So we understand the order of human development, but not the exact timing of it. Pediatricians can’t consistently tell us the precise day a child will be born on, nor when they will take their first steps or speak their first words. It doesn’t work that way.  Yet, somehow it was decided that we could assign a specific amount of time that it would take all children to learn how to read, add, or grasp the fine points of literary analysis.  Put this way the latter seems wrong-headed on its face,

How long does it take to learn to ride a bike?  Play tennis? There aren’t answers to these questions.  The answer is: it takes the time that it takes you and that’s all there is to it.   It’s not right or wrong, good or bad, better or worse- it just is.

Read Full Post »

So I have posted to the online magazine Slate.  They have a crowdsourcing project up around the question of what “schools should look like in the 21st Century”.  Below is what I posted.  It’s partly a distillation of what gets posted here.

 

If we look at what we’ve learned from developmental psychology, neuroscience research and leadership training we’ll see that this is what a school should be like:

  1. mixed-age group environments: it is not chronological age that determines what a student can learns and we all take the time we need to learn. Living things develop in a non-linear process. How long does it take to learn to ride a bike?  The answer is: it takes the time that it takes you and that’s all there is to it.
  2. self-directed, lengthy periods of work to accommodate the fact that intrinsic motivation leads to engagement and meaningful learning. When we work based on interest we invest far more time than anyone could require us to. When a child can choose what to work on based on her interest at the time she is far more likely to find herself productively engaged in the work.
  3. allow for results-oriented assessment and student participation in assessment rather than raw test scores.
  4. allow for exploration and open-ended questioning in order to foster real learning through meaning-making activity rather than focus on “content delivery” from a teacher. Students truly learn when they explore and arrive at conclusions rather than being fed “answers”. In this manner the resulting knowledge will be “owned” by them because they figured it out: that’s called learning.
  5. deliver outcomes that truly prepare students for living their lives effectively and successfully: collaboration, leadership, creativity, adaptability, communication, empathy and resourcefulness. We need a culture of adaptability and creative innovation that will allow students to develop into people who can solve the problems when they do emerge.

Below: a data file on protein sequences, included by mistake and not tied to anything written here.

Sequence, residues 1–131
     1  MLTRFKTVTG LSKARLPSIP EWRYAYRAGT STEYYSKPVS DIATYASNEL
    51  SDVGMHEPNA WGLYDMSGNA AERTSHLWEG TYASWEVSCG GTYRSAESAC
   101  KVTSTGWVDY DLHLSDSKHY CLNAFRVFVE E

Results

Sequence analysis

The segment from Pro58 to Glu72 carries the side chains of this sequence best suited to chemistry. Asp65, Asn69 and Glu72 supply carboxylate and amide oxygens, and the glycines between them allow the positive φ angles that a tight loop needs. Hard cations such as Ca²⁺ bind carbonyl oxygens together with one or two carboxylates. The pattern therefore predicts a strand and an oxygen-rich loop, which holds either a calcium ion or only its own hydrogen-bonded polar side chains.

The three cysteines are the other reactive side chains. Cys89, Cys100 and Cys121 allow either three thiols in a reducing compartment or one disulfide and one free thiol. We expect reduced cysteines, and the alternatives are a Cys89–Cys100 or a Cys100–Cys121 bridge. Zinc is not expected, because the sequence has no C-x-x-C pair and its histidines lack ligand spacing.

Read Full Post »

The Chicago Tribute ran a story today about the value of teaching social skills and empathy in elementary schools.  As the story goes, “students are expected to meet certain benchmarks, such as recognizing and managing feelings, building empathy and making responsible decisions.”

Now these are indeed valuable skills for life, essential even.  The only problem is that you don’t go about teaching them any more than you can teach creativity by having art class.

You can’t decide at 9:45 AM that it’s “social learning time” and give lessons with role playing to demonstrate how to be kind, generous, understanding or caring.  These are things that have to be lived in the real give and take of daily life, yes, even at school.  You need to have a culture that functions with these as part of its fabric so that there’s a natural development of healthy social capabilities.

I’ve said before in this space the same thing about creativity: it needs to be part of the culture and live beyond art class.  Most art classes amount to the teacher presenting the project of the moment and everyone “makes one”.  The elements are provided, the plan given and “they’re off”. The children can all be observed running off to pick-up line with their  project in hand: all small variants of the same thing.  Creativity in motion?  Hardly.

The root of the problem here is of course the same: if we care to think in PRINCIPLES.  The issue is this: you can’t TEACH this stuff any more than you can TEACH most of what’s taught in traditional schools these days.  Children require experiences that will  allow them to construct themselves.  That is why schools should be “experience labs” more than they should be “teacher-lead classrooms”.  That is why the Montessori model works so well: it doesn’t try to hard-teach content, be it geometry, language arts, history or empathy.  Yet, Montessori children regularly turn out to be the most justice-oriented, peaceful, and capable children one could want.

Yes, we need to change what’s going on in our traditional schools, but if anyone thinks that this latest social skills effort is going to change who children will  become they are sorely mistaken.  Let’s go back and REEVALUATE THE MODEL.

Read Full Post »